Find Your Why
Just because you’ve decided to homeschool doesn’t mean that your life will magically become easier. There will likely be days where you will wonder what in the world were you thinking. If you can first find your why, then it is going to be so much easier to get through those hard days so you can enjoy all the great days.
My why has changed throughout the years; I started homeschooling simply because I felt like I should. Now that I’ve been doing it for so long my why is because I want to spend time with my kids, build strong relations with them, and I want to help them foster a love for learning.
I would highly recommend that you start with your why, so it will also give you a good idea of what direction your homeschool needs to take.
Taking Your Kids Out Of School
This has been a question that I have seen pop up a lot of times. How do you logistically take your kids out of school? You call the school and let them know that you won’t be coming back. You don’t have to explain yourself; you can just do it. After all, they are your kids.
I definitely would always recommend leaving on good terms. If you want to give your teacher a thank you gift, then go ahead and do it, but you don’t have to feel guilty for taking your kids out.
Depending on the state you live in, you may need sign papers at your district. In Utah, you can either sign their paper at the district that says I’m homeschooling and I’ll teach certain things, or you can just write your own, which is what I did, and have it notarized. In Utah no testing is required for homeschoolers.
My oldest three kids were only in school a very short time. When I pulled my kids out of school my oldest only had one month of 1st grade, my second son only had one month of Kindergarten, and my daughter had one month of Preschool. So you would think with them being so young that they would just jump into a new system of school. News flash, they didn’t!
My kids told me, constantly, that I didn’t do things like their teacher did, or they would let me know what I was doing wrong. The feisty side of me that loves sarcasm would usually answer them back with something that was a mix of frustration and anger. I didn’t know that there would be a detox phase after taking your kids out of school. Had I known, I am sure I would have been a lot more patient…hopefully.
Most people suggest that for every year your kid was in school to plan on a month of detox. So what do you do during that detox phase? My advice is to take it slow. Get out into nature, read great books together, help your kid find things their interested in to ignite their passion for learning.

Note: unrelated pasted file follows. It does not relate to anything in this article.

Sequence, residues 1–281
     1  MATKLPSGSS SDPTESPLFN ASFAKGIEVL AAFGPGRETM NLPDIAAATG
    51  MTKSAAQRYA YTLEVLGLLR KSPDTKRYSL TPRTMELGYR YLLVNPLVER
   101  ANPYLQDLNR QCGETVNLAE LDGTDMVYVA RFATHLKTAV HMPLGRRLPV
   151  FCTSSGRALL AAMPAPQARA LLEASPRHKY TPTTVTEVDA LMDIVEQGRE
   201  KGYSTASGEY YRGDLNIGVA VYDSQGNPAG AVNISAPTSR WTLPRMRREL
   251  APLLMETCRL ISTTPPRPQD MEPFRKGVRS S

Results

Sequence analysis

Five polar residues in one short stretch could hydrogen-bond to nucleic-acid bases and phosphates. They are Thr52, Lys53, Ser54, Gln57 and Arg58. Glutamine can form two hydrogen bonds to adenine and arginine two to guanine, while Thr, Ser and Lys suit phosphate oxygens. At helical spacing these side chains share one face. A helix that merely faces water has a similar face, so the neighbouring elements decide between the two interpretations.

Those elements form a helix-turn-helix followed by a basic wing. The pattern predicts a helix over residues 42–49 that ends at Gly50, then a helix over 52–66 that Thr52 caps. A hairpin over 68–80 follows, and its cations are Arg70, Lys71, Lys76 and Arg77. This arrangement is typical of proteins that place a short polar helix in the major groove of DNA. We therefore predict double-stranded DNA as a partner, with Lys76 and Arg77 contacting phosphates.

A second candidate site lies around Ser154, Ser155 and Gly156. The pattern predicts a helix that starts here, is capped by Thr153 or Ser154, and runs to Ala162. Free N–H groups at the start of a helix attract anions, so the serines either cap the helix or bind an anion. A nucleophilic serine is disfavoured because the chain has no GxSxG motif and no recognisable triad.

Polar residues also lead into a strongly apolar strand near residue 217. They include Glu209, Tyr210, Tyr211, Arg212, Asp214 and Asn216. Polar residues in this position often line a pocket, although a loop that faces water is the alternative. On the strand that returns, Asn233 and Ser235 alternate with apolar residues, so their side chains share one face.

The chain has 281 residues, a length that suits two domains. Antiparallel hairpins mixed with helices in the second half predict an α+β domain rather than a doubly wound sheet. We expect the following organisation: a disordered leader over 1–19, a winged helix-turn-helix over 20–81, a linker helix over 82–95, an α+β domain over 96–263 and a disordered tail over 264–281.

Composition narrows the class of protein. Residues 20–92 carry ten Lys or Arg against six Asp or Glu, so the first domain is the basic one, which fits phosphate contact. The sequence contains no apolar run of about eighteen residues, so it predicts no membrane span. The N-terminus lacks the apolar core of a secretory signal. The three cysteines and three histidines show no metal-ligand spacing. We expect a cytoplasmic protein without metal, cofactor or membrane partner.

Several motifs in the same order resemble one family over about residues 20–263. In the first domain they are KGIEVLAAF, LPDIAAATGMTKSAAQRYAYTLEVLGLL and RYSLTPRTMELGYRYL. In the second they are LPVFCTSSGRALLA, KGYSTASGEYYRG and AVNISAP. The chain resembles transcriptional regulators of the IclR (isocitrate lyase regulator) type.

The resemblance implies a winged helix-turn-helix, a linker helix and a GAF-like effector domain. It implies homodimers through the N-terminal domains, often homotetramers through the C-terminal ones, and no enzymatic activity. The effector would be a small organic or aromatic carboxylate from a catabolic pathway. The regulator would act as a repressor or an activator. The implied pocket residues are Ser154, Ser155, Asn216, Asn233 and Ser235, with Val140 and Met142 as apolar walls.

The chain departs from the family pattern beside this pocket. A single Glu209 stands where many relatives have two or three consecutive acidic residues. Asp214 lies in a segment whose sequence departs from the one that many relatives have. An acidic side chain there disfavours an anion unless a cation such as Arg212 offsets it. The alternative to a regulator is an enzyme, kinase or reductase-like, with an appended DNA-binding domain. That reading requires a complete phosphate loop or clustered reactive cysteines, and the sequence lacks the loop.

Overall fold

Luckily for me, the detox phase didn’t last too long, and after a month or so we were starting to find our rhythm. There is no set time for how long your kids will need to detox, some may take months while others may take weeks. Just be patient and remember why you are doing this in the first place.
Choosing a Curriculum
Did you know that I am a beekeeper? A terrible one, but a beekeeper nonetheless. Anyway, I have been to dozens of beekeeping classes, I’ve read books, and I’ve even had a “bee whisperer” at my home. Do you know what I learned about beekeeping? That everyone does it completely different, and yet somehow it all works.
Homeschooling is the exact same way. If you asked 100 different homeschoolers how they homeschool, you would most likely get 100 different answers.
Some people like online schools, some have extensive co-ops they are a part of that gives them their homework for the week, some like un-schooling, and that is just the tip of the ice-berg.
I recommend using your strengths and individualize your school to your kids. If your kid doesn’t mind being at a computer, then by all means, use an online curriculum. If you enjoy putting together extensive lessons plan, then do it! I have tried a lot of different things and I like something that doesn’t require too much prep. I like to be able to learn right alongside my kids.
My favorite way to homeschool is using the Charlotte Mason style. I can go more into that in later posts. A blog I really like that gives an overview of how to transition into a Charlotte Mason method can be found HERE.
And finally, my least favorite thing that people ask me, “How will my children get social interaction?” I could get up on my soapbox for a whole post all about homeschool kids and socialization. I will spare you my sarcastic comments about locking up my children in the basement, so that they never see other humans, so that I can hopefully ease someone’s troubled heart and mind about will their kid be socially awkward if they homeschool.
First, there are LOTS of socially awkward kids in regularly school, so if your kid was already socially awkward, then most likely they will still be socially awkward if you homeschool. But the great news is now you can teach them how to interact in social situations.
Second, there are so many opportunities for kids to hang out with other kids. We have church activities, scouts, band, plays, dance, sooo many different sports, all the neighbor kids, cousins, other homeschool friends, and the list could go on and on.
My kids often comment that they don’t know how kids in school have time to be social because they’re in school all day and then have homework at night.
Finally, being at school doesn’t teach you how to be “social” it is simply gives an opportunity to be with other kids your own age. Having your kids home really gives you the opportunity to teach them how to be polite, having manners, even though my boys still fart in front of me I promise I am trying, how to have a conversation with others, and so many other great things that you can teach them on how to be “social”.
These are some of the basics of just getting you started on your journey of homeschooling, and as always if you’d like some extra help just send me an email.